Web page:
Western US Needs More Controlled Burns

Wildfires have ravished much of the western United States in recent years. One (long-on-the-books) solution for warding off larger, more destructive wildfires has been to fight fire with fire through the use of intentionally set prescribed burns.

A growing body of scientific research now strongly suggests that prescribed burns can prevent more destructive wildfires. What’s more, official policy now also recognizes the value of prescribed burns. However, for all the talk about prescribed burning, the federal and state agencies that manage our nation’s forests and wildfires may not have been doing enough prescribed burns in recent years to reduce the risk of large fires, especially in the American West.

That’s the conclusion of a study published in the journal Fire with the telling title, “We’re Not Doing Enough Prescribed Fire in the Western United States to Mitigate Wildfire Risk.”

The study, written by fire researcher Crystal Kolden, is a detailed analysis of which agencies and organizations are conducting prescribed burns, where in the US they are being performed, and to what extent.

As the spoiler-alert title flatly spells out, Kolden makes the argument that the West isn’t doing enough prescribed burns. In a nutshell, Kolden’s argument is that the West needs more prescribed burns in order to limit what has become a dangerous buildup of fuel in our region’s forests.

But while Kolden’s conclusion might not be surprising to our readers—and perhaps is something of a well, duh! to wildland firefighters and foresters—the details of her analysis are both instructive and telling for those hoping to put fire back on the Western landscape in a controlled way.

Let’s start with the initial complication that kicks of Kolden’s analysis: the legacy of fire suppression in the West.

Much has been written about the fire deficit in the West, and Kolden has to unload this concept to establish her thesis. The idea here is simple: Most forest ecosystems in the American West have adapted themselves to periodic, low-intensity fires. In fact, many forests need a certain amount of fire to maintain healthy ecosystems. However, there’s a problem. Years of firefighting, or fire suppression, has led to a dangerous buildup of fuel in the West’s forests that now needs just the right ignition source to burn. Many Western forests, in other words, are past due for fires. Hence the term fire deficit.

To take just one example cited by Kolden that’s also close to home, researchers have estimated that from 1984 to 2015, wildfires here in the Pacific Northwest burned 1.6 million hectares (over 6,000 square miles). This sounds impressive until you consider that the region would have seen about 15–21 million hectares (60,000–80,000 sq. miles) burned in the absence of fire suppression. In other words, the Pacific Northwest, like much of the American West, is running in the red as far as fires go.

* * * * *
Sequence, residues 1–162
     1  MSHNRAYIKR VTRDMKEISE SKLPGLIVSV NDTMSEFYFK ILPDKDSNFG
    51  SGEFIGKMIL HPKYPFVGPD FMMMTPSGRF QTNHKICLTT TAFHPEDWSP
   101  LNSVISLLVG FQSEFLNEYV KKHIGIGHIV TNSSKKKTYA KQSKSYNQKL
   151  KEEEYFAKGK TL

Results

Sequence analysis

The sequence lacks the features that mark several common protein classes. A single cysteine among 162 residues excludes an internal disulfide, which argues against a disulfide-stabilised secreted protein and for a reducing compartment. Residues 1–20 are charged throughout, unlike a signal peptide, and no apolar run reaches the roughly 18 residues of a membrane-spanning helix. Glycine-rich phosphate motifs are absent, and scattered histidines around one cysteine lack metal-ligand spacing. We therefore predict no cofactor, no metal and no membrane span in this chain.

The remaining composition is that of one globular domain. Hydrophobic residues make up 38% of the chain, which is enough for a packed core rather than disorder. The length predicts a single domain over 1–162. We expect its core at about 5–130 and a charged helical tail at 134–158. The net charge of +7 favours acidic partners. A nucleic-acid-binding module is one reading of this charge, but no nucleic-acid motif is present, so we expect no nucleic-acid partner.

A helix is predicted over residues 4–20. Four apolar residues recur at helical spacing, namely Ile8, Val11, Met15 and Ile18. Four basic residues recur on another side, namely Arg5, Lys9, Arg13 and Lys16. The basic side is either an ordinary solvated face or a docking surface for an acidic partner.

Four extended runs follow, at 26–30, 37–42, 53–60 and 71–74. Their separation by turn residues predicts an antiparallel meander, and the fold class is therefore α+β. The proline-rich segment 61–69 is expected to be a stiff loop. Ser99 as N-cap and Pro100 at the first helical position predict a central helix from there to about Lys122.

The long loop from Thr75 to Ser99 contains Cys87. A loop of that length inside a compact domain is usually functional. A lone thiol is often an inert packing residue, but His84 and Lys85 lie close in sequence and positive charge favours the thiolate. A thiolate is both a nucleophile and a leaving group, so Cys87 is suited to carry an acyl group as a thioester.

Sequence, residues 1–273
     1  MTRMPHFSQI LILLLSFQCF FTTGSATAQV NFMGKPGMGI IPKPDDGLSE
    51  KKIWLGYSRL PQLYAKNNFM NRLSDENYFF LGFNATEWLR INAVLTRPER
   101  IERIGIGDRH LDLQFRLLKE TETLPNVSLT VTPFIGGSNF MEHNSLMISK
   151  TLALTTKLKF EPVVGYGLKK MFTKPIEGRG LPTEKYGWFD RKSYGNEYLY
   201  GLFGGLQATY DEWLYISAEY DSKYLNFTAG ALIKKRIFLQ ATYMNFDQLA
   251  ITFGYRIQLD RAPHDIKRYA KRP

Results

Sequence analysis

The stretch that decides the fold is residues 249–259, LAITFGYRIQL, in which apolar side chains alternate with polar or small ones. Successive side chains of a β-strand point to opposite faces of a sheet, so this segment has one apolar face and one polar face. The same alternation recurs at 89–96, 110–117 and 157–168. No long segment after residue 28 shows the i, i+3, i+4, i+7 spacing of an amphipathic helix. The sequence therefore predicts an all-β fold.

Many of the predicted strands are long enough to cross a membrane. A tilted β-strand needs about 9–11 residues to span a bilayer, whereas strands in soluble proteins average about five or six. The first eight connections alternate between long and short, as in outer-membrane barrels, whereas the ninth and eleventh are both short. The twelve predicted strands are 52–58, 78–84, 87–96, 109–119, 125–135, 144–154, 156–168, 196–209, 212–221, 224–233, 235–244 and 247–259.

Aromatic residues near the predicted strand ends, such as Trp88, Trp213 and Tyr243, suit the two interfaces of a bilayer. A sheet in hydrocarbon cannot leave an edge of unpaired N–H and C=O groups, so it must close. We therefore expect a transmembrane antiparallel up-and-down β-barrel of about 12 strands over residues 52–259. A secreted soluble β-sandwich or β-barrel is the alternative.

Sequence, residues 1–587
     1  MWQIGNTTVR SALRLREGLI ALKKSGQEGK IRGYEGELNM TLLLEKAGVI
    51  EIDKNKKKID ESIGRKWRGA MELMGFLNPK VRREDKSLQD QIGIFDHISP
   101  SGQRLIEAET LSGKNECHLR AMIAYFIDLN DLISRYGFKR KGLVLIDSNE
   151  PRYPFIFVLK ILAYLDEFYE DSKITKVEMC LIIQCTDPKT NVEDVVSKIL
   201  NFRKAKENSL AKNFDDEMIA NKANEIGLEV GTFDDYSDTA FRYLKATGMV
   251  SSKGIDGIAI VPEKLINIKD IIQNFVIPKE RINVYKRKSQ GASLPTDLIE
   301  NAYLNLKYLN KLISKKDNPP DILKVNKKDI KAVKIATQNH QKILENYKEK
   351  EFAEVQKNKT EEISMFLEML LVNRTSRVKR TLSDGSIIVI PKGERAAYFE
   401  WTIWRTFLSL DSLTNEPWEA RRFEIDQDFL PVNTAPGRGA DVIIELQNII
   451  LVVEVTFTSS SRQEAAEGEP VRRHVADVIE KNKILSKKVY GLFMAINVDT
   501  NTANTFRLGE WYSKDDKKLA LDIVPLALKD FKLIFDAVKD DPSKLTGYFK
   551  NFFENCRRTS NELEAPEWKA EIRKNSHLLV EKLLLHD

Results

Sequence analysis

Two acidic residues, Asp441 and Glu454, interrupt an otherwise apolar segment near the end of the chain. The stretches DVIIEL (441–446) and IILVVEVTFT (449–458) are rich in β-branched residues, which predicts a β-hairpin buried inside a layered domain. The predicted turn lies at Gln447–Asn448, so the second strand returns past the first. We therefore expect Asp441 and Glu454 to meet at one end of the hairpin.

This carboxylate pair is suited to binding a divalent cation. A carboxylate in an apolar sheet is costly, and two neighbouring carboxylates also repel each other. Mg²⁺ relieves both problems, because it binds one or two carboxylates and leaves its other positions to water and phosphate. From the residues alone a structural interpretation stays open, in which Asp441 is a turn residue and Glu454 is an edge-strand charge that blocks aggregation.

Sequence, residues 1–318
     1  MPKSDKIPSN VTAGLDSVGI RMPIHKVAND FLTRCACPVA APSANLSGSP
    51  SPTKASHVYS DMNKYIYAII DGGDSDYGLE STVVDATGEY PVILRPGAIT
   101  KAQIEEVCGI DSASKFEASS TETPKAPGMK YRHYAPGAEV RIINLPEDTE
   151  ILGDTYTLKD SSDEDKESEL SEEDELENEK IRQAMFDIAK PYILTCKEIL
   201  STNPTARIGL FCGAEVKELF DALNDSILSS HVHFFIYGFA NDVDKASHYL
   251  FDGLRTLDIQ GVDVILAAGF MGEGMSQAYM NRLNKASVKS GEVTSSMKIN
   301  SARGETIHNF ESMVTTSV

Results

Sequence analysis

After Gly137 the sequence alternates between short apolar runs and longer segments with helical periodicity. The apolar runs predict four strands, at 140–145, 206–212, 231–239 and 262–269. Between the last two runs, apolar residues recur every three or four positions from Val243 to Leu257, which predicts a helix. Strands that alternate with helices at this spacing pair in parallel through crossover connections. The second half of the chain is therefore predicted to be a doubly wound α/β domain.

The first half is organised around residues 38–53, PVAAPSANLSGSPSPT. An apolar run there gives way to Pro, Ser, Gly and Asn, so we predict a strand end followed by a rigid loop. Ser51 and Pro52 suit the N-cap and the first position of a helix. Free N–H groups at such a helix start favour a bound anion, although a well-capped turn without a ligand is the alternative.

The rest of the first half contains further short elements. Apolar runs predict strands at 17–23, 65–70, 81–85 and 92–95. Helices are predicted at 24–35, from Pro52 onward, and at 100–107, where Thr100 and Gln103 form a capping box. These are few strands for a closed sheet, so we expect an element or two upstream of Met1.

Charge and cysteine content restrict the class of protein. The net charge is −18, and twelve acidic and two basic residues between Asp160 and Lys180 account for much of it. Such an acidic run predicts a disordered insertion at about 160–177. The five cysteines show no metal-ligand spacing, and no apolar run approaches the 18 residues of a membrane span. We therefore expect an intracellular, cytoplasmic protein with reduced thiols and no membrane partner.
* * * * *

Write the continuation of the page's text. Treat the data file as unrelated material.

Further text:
Establishing the presence of a fire deficit, however, isn’t the real meat (apologies to any vegan readers) of Kolden’s argument, rather just the initial statement of the problem that needs solving—the dead body, if you will, at the start of the murder mystery. Which agencies are responsible for the West’s fire deficit is where things get interesting.

There are five main federal agencies responsible for managing forests to prevent wildfires through various activities, including prescribed burning: the Bureau of Indian Affairs (BIA), the Bureau of Land Management (BLM), the Fish and Wildfire Service (FWS), the National Parks Service (NPS), and the US Forest Service (USFS).

To figure out to what extent each agency has used prescribed burns and where in the US these prescribed burns have taken place, Kolden scoured the archives of the National Interagency Fire Center (NIFC) for information about prescribed burns listed for the years 1998–2018.

Because the five federal agencies listed above are not solely responsible for handling wildfires everywhere across the US, Kolden also included a sixth “State/Other” category that includes state agencies, other federal agencies (such as the Department of Energy), and other organizations that were listed in the NIFIC archive as having performed prescribed burns from 1998 to 2018.

To determine the extent of prescribed burning performed by each organization, Kolden tallied up both the total area (calculated as hectares per year) that each organization burned, as well as what these burns meant in terms of the over-all geographic area the organization oversees.

So, for instance, at first glance the US Forest Service (USFS) appears to be a lead agency as far as prescribed burning goes. That is if one examines just the total area of prescribed burns USFS performed from 1998 to 2018, roughly 3,353 hectares (13 sq. miles) per year, according to the archives.

However, if we look at the USFS prescribed burns in terms of the total area the federal agency manages, the story changes dramatically. As a calculation of percent of total area, USFS performed prescribed burns on less than 1% of its total managed lands. This, Kolden points out, has real relevancy for the Western US, which has more of its lands held in federal trust (Forest Service and otherwise) than any other region in the US. It also leads to the next fascinating piece of Kolden’s analysis: where in the US prescribed burns have be conducted in recent years and by which organizations.